Netflix's hit docuseries Making a Murderer chronicles the trials of both Steven Avery and his nephew Brendan Dassey, who was convicted in 2007 for the murder of young photographer Teresa Halbach. After being charged and convicted of sexual assault, murder, and mutilation of a corpse, Dassey was sentenced to life in prison with the possibility of parole, and is currently in prison alongside his uncle.
At the age of 16, Dassey confessed to raping Teresa Halbach and assisting in her murder, claiming that it was all under the instruction of his uncle Steven Avery, the subject of Making a Murderer. (Avery has always insisted he is innocent.) According the Manitowoc County courts, his decision to become involved in the case was completely voluntary. In other words, Steven Avery had never implicated his nephew in the alleged crime.
The series spotlights a conversation between Dassey and his mother, during which Dassey claims that he was pressured by law enforcement to fabricate a testimony. (Manitowoc County insists that only standard interrogation techniques were used; you can watch the entire four-hour confession for yourself online.) At present, attorneys are attempting to win a retrial for Dassey, who is now being represented by the Center on Wrongful Convictions of Youth. If the series has left you thinking that Dassey deserves a retrial, there are a few things you can do to help.
1) Petition To Raise Awareness
Viewers who believed in both Avery's and Dassey's innocence addressed a petition to the White House, asking Obama to pardon the prisoners, whom they believe had not been considered innocent until proven guilty. Unfortunately, the president can't make an executive order to free a prisoner held by the state. A more effective method to raise awareness for the possibility of a retrial, however, could be to address petitions to the state of Wisconsin.
The site ipetitions.com allows you to sign forms that encourage the Wisconsin Supreme Court to give Dassey a retrial. You can find one example here.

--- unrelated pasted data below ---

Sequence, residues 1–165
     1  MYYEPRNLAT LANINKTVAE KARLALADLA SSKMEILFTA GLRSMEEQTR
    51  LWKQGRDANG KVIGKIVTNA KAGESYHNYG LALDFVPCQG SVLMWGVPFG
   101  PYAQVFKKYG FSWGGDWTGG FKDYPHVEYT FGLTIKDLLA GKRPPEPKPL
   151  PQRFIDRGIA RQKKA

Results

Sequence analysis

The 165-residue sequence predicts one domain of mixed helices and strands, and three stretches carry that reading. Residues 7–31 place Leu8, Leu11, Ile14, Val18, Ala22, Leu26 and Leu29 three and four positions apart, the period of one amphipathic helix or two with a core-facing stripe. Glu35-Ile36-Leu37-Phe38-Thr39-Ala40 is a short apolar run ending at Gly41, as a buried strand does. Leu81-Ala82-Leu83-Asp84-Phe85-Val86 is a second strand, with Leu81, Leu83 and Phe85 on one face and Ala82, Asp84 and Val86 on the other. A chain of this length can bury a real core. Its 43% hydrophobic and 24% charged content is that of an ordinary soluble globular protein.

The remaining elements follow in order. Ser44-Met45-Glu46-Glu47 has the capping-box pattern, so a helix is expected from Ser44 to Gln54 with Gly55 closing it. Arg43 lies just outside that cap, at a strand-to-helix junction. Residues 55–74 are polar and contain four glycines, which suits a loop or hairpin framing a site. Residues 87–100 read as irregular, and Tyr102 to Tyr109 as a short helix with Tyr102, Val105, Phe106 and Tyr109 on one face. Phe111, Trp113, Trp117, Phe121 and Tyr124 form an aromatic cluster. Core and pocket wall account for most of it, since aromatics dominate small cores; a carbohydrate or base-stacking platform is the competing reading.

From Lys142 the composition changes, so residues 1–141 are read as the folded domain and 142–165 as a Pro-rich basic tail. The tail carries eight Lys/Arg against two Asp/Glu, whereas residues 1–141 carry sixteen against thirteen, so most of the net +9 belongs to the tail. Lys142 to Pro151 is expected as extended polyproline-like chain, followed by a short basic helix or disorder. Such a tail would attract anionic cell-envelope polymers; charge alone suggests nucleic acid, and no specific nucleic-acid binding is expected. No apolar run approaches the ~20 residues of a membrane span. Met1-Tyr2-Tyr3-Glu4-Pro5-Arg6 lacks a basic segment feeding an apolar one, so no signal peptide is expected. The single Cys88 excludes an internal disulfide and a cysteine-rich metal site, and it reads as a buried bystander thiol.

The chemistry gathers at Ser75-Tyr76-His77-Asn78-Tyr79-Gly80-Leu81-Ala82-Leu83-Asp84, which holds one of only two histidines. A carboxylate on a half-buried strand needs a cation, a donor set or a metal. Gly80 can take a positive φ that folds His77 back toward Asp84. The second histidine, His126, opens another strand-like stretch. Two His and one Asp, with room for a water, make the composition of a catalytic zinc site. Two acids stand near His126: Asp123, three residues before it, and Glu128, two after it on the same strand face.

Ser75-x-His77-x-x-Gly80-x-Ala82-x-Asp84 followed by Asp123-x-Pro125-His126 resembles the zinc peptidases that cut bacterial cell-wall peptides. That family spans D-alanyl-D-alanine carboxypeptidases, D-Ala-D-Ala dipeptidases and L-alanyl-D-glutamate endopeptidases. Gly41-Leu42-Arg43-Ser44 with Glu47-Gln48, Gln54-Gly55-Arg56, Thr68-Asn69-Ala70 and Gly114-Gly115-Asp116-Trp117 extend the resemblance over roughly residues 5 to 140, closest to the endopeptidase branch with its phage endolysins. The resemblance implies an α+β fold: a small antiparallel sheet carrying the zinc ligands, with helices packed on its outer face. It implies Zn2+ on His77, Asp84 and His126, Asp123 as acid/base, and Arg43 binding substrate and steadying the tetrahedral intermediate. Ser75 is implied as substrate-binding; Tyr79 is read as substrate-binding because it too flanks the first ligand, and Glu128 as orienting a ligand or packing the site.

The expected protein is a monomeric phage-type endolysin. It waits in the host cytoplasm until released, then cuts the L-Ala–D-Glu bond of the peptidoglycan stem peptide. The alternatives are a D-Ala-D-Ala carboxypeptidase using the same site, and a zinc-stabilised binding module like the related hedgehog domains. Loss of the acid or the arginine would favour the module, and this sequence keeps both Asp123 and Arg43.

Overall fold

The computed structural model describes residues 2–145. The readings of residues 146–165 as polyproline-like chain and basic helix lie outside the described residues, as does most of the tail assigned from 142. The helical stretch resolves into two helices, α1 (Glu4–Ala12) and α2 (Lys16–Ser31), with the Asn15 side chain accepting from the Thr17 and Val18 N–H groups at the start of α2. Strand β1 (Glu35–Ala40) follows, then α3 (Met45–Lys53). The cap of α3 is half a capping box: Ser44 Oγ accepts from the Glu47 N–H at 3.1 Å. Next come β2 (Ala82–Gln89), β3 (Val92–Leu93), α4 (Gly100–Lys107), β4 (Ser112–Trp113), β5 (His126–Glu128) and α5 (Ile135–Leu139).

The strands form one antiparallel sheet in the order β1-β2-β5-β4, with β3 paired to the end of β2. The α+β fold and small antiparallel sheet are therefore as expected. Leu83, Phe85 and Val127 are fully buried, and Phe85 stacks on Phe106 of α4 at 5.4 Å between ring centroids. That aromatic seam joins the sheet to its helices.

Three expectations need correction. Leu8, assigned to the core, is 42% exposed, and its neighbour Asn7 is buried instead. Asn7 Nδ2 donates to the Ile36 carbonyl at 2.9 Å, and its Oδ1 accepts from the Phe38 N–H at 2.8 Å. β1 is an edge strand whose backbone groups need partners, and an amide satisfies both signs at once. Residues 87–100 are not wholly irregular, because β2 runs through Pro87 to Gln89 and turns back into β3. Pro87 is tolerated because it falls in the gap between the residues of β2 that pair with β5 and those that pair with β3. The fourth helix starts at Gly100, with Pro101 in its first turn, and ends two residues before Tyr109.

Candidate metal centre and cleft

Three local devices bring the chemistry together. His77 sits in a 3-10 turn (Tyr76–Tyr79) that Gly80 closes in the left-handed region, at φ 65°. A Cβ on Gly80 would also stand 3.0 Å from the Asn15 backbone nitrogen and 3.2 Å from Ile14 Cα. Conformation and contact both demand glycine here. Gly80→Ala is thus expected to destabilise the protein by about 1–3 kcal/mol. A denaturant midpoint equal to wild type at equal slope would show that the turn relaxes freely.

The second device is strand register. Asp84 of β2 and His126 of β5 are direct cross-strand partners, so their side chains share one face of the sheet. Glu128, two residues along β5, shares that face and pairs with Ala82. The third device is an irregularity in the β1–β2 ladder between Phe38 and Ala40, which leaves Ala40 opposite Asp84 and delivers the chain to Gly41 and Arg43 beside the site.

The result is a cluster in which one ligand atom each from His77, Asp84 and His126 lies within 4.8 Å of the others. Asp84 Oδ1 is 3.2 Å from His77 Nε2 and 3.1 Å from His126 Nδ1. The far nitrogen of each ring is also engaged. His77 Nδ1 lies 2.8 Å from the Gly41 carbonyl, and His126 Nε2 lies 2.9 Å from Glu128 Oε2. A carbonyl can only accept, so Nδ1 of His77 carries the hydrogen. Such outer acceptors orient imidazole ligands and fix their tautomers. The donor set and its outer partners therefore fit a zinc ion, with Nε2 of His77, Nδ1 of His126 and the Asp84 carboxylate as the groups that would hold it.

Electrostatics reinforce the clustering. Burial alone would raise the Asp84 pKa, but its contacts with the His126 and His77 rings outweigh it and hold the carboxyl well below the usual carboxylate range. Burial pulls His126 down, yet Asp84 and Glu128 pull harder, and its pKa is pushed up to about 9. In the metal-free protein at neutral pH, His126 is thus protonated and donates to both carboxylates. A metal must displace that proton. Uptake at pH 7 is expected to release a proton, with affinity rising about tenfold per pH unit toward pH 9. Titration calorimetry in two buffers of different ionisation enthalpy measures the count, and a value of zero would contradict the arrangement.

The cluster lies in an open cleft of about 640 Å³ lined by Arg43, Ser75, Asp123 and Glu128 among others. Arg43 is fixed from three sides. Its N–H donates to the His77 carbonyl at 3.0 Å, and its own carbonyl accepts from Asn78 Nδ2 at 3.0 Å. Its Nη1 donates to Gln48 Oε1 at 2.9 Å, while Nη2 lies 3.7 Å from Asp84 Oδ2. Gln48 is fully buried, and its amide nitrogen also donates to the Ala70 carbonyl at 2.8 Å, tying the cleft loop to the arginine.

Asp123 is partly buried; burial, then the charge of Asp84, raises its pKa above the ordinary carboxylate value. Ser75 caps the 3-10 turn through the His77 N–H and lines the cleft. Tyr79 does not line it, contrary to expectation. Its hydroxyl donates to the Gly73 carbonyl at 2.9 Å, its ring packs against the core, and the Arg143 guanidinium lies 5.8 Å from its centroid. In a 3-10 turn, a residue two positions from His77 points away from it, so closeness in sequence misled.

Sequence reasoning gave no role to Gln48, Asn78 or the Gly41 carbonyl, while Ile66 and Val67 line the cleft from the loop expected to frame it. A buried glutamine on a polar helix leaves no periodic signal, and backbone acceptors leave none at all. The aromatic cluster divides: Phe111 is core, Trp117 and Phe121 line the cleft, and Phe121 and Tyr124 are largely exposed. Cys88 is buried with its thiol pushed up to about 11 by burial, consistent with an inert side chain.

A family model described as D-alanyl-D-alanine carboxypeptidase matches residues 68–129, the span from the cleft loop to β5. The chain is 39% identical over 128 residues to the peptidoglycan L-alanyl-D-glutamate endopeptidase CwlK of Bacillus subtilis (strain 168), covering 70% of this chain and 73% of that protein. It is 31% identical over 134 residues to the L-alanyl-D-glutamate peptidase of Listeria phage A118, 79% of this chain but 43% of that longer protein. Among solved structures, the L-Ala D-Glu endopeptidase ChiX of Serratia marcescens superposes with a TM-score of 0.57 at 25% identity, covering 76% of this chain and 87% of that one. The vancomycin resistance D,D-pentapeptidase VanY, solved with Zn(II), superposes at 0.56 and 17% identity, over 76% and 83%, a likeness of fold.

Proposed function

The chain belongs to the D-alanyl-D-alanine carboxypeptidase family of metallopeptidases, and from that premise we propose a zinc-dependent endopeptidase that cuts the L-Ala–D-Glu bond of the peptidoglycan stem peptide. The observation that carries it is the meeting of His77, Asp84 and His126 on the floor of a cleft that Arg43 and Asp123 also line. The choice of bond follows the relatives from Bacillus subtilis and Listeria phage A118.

2) Get The Word Out
Believe it or not, Steven Avery's website also features its own little shop that sells T-shirts and hats with slogans like "Free Avery and Dassey." With an outline of the state of Wisconsin in the background, they're actually kind of cool.
If you want to simply encourage people to watch the series and make up their minds for themselves, you can buy Making a Murderer merchandise that remains fairly neutral.
3) Send Support to Dassey
A blog called "Jon's Jail Journal" features the purported address of Dassey, who could then receive your letters in prison. It offers you the option of writing via email or handwritten letter.
4) Contact Your State Legislators
The advice from the Center on Wrongful Convictions of Youth — which you can find in full here — is to do the following:
1. Contact your local state legislator and insist that he or she sponsor a law requiring that police electronically record all interrogations of suspects. The fact that Brendan’s interrogation was recorded may ultimately be his saving grace. Viewers were able to see just how the police manipulated Brendan into confessing with promises of help and how they spoon-fed Brendan details that only the true perpetrator would have known. Although courts to date have not granted relief to Brendan based on these recordings, imagine what little chance he’d have if it was only his word against the word of the police officers about what happened during the interrogation. For a list of states that require electronic recording, click here.
2. Contact your local legislator and insist that he or she sponsor a law that requires police to interrogate juvenile suspects in the presence of and after meaningful consultation with their parents. There are a number of states that require parental presence and consultation.
You can also donate to the Center on Wrongful Convictions of Youth here.
Check out the 'Making a Murderer' stream in the Bustle app for more on Steven Avery & Brendan Dassey's cases. Download it here.